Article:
I’ll give away the basic setup, though. A while earlier, Madrox had a one-night stand with two women at the same time (his power is he duplicates himself, so he can literally be at two places at once). One of those women got pregnant. Issue #39 is the delivery. And in comic books, childbirth is seldom without complications.

David foreshadows the ending superbly, and yet it still blew me away. Absolutely fantastic storytelling.

Writer: Peter David

Penciler: Valentine De Landro

Inker: Craig Yeung

Publisher: Marvel Comics

How to Read It: back issues; Marvel Unlimited; Comixology; included in X-Factor vol. 7: Time and a Half (TPB)

Appropriate For: ages 13 and up

Today’s Super Comics — JLA #62-64 (2002)

Truth becomes subjective in JLA #62-64, and the results are not good. Well, the story’s good, just not the Earth becoming flat or math not working.

Justice League stories require big, imaginative threats, and this qualifies, and it’s different from the usual fare of super-villains and hostile aliens. The enemy here is the loss of faith in objective reality, which in the DC Universe, naturally, will have sci-fi/fantasy repercussions.

Most important, the danger comes about in a character-based way, as Wonder Woman doubts her magical golden lasso when it offers up competing truths during a delicate situation, one with no tidy answers. Wonder Woman had recently lost her mother, and grief is clouding her judgment.

The issues serve up a worthwhile message: No one has infallible judgment, but truth is truth. We have to respect the truth, or else the moon will turn into cheese and people might die.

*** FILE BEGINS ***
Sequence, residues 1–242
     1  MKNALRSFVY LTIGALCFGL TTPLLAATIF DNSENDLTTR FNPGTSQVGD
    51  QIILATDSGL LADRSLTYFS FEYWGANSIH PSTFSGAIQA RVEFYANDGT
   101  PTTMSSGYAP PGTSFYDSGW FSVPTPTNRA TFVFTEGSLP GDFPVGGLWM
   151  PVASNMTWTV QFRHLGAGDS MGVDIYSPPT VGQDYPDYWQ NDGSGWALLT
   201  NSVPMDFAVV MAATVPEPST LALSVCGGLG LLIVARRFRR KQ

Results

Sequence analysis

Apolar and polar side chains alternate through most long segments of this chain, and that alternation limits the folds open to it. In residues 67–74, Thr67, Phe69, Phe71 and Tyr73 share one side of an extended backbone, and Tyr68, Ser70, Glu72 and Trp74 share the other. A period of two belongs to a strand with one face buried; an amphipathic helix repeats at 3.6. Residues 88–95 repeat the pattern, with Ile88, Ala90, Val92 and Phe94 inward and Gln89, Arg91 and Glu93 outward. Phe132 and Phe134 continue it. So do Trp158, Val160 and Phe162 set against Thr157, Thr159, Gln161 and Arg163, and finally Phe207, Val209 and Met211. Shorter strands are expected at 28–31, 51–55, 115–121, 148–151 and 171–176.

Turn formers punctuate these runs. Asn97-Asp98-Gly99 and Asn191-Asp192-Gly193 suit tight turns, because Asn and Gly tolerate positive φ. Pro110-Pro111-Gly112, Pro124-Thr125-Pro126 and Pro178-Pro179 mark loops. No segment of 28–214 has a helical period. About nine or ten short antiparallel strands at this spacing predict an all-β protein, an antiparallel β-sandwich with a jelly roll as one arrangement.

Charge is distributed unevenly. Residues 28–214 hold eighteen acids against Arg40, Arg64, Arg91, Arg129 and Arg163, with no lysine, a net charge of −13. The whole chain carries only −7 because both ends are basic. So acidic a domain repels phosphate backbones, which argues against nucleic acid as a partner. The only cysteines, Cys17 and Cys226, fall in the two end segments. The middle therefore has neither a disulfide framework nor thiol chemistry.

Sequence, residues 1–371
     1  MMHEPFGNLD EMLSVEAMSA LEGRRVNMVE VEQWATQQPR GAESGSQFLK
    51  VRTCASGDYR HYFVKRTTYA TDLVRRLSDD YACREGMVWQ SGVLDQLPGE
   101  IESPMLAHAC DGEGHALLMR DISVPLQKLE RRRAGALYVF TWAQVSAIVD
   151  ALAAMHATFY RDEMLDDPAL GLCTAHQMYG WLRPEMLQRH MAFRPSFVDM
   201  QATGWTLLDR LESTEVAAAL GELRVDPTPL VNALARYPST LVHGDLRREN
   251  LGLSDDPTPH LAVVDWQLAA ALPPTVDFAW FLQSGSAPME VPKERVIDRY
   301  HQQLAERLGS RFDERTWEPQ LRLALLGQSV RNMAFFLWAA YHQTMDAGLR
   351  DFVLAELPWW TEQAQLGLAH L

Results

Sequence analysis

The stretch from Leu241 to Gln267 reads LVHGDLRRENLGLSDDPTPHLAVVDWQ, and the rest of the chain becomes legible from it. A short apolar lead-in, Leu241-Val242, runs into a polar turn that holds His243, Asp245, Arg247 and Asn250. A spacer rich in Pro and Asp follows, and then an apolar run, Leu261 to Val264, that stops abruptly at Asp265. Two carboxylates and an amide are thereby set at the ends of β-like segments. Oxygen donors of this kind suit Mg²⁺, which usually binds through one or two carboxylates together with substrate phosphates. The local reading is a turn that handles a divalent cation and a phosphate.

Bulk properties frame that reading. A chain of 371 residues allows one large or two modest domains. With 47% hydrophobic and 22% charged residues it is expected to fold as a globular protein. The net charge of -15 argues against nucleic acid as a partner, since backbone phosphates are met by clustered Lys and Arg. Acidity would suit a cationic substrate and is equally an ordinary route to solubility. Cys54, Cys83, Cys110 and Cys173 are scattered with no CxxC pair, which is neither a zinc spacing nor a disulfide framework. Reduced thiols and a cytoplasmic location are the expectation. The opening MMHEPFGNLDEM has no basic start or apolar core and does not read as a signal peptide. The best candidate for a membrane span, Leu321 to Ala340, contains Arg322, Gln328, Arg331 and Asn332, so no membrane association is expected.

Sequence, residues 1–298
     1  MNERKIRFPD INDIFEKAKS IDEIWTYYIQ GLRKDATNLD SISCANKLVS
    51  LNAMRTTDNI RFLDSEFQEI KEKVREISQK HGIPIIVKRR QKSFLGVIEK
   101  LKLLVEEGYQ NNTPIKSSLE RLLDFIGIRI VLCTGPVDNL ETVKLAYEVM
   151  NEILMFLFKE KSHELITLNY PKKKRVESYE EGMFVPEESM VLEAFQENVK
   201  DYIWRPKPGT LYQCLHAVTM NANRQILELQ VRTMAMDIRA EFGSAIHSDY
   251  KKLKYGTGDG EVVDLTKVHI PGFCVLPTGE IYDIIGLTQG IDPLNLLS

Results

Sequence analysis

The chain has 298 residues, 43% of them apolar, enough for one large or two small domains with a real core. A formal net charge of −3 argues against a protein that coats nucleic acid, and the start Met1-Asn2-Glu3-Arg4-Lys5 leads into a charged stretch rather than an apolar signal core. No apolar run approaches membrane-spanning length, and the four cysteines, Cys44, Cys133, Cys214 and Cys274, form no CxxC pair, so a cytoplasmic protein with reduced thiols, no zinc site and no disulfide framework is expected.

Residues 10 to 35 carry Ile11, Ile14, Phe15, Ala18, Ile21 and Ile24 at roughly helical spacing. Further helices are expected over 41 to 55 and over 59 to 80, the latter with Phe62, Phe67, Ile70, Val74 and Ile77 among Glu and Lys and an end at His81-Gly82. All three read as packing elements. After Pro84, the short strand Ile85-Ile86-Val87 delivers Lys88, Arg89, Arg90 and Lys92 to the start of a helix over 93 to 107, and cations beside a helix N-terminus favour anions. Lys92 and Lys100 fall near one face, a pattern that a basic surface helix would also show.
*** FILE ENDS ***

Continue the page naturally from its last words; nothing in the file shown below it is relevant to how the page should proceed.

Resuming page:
The More You Know.

Writer: Joe Kelly

Penciler: Doug Mahnke

Inker: Tom Nguyen

Publisher: DC Comics

How to Read It: back issues; Comixology; included in JLA: Golden Perfect (TPB)

Appropriate For: ages 11 and up

Today’s Super Comic — Old Man Logan #8 (2016)

The first few issues were not a fluke—Old Man Logan is proving to be the most interesting Wolverine series in quite some time. That likely has something to do with its high-concept approach. This isn’t just the superfluous solo stories of Wolverine and his ever-fattening backstory; it’s about a time-displaced Logan trying to avoid his hellish future.

In issue #8, Young Teenage Jean Grey takes Old Man Logan on a tour of places where disaster had struck (will strike?) in the future, showing him how the present is perfectly fine. The increased age disparity creates a fresh dynamic between them. There’s (thankfully) no unrequited love or any sexual tension whatsoever, just lots of mutual respect and affection.

It’s a surprisingly uplifting issue, even with the flashbacks/forwards to the terrible future this Logan comes from. And that seems to be the issue’s message—bad times may very well be on the way, but maybe they’ll be more bearable with the right company.

Writer: Jeff Lemire

Artist: Andrea Sorrentino

Publisher: Marvel Comics

How to Read It: back issues; Marvel Unlimited; Comixology

Appropriate For: ages 15 and up

Today’s Super Comic — The Walking Dead #100 (2012)

I’ll admit that the TV show has burned me out on The Walking Dead. The show peaked with its superb pilot, and after many ups and down, I gave up after the seventh-season premiere.

The comic book series it’s based on, however, was far more consistent in quality for far longer. It held my attention for 24 trade paperbacks, and I wouldn’t say it ever got bad. I just needed a break from this particular post-apocalyptic world for a while. I might very well check back in at some point.